Hiroki Yanagisawa (IBM); Kohei Miyaguchi (IBM); Takayuki Katsuki (IBM)

The mixing time of the Markov chain induced by a policy limits performance in real-world continual learning scenarios. Yet, the effect of mixing times on learning in continual reinforcement learning (RL) remains underexplored. In this paper, we characterize problems that are of long-term interest to the development of continual RL, which we call scalable MDPs, through the lens of mixing times. In particular, we theoretically establish that scalable MDPs have mixing times that scale polynomially with the size of the problem. We go on to demonstrate that polynomial mixing times present significant difficulties for existing approaches that suffer from myopic bias and stale bootstrapped estimates. To validate the proposed theory, we study the empirical scaling behavior of mixing times with respect to the number of tasks and task switching frequency for pretrained high performing policies on seven Atari games. Our analysis demonstrates both that polynomial mixing times do emerge in practice and how their existence may lead to unstable learning behavior like catastrophic forgetting in continual learning settings.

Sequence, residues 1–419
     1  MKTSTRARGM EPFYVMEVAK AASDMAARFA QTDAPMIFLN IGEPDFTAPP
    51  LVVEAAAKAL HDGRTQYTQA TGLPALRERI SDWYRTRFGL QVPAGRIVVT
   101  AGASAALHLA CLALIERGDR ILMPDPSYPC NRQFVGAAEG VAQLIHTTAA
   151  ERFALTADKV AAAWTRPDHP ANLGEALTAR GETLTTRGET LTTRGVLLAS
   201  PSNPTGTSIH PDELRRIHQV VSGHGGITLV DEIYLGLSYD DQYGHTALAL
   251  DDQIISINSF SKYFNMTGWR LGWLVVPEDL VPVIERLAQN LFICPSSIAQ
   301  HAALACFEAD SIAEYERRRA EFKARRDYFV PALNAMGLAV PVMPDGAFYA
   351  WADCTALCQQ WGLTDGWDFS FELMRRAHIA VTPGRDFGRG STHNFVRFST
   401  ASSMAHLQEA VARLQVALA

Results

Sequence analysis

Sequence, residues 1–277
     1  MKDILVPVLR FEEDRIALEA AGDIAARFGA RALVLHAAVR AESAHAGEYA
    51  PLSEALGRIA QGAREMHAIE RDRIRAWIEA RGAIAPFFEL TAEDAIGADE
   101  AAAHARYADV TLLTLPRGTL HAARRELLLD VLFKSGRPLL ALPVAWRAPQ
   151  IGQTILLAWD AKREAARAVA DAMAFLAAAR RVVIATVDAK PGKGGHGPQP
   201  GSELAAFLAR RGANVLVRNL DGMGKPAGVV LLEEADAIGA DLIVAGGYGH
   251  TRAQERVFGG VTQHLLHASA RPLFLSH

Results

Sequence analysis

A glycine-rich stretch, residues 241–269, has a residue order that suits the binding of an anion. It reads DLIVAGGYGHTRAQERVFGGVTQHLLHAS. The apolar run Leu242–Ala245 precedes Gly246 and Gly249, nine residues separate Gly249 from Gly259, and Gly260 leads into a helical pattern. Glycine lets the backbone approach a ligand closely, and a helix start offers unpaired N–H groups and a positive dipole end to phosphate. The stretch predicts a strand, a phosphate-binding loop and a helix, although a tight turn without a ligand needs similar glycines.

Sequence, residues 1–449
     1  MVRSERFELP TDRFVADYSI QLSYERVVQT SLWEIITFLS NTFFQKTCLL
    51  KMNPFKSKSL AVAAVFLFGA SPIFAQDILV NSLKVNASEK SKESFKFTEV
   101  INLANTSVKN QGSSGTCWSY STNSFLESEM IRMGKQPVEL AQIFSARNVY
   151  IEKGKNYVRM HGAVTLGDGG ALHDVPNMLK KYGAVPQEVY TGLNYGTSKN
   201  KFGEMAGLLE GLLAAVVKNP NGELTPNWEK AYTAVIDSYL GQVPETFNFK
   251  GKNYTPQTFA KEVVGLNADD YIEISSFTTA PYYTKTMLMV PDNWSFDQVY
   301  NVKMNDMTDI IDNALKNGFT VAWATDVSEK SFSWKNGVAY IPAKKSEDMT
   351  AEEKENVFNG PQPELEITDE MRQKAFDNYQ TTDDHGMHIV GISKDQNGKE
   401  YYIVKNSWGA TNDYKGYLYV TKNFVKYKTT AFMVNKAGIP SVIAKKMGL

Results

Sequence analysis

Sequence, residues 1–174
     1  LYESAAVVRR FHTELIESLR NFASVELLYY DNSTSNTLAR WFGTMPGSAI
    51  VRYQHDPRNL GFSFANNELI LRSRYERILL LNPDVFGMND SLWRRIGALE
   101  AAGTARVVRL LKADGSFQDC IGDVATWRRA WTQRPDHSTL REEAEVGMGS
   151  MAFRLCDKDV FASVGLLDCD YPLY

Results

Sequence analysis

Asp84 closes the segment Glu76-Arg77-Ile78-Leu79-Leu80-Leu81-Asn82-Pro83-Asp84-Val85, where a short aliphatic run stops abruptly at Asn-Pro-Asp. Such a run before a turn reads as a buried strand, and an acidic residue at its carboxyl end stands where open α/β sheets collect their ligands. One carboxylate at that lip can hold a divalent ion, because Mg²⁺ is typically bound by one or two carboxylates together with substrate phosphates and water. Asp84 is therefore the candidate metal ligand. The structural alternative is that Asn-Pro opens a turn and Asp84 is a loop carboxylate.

Matthew Riemer (IBM); Sharath Raparthy; Ignacio Cases; Gopeshh Subbaraj; Maximilian Touzel; Irina Rish

Foundation Models (FMs) have demonstrated unprecedented capabilities including zero-shot learning, high fidelity data synthesis, and out of domain generalization. However, as we show in this paper, FMs still have poor out-of-the-box performance on expert tasks (e.g. retrieval of car manuals technical illustrations from language queries), data for which is either unseen or belonging to a long-tail part of the data distribution of the huge datasets used for FM pre-training. This underlines the necessity to explicitly evaluate and finetune FMs on such expert tasks, arguably ones that appear the most in practical real-world applications. In this paper, we propose a first of its kind FETA benchmark built around the task of teaching FMs to understand technical documentation, via learning to match their graphical illustrations to corresponding language descriptions. Our FETA benchmark focuses on text-to-image and image-to-text retrieval in public car manuals and sales catalogue brochures. FETA is equipped with a procedure for completely automatic annotation extraction (code would be released upon acceptance), allowing easy extension of FETA to more documentation types and application domains in the future. Our automatic annotation leads to an automated performance metric shown to be consistent with metrics computed on human-curated annotations (also released). We provide multiple baselines and analysis of popular FMs on FETA leading to several interesting findings that we believe would be very valuable to the FM community, paving the way towards real-world application of FMs for practical expert tasks currently 'overlooked' by standard benchmarks focusing on common objects.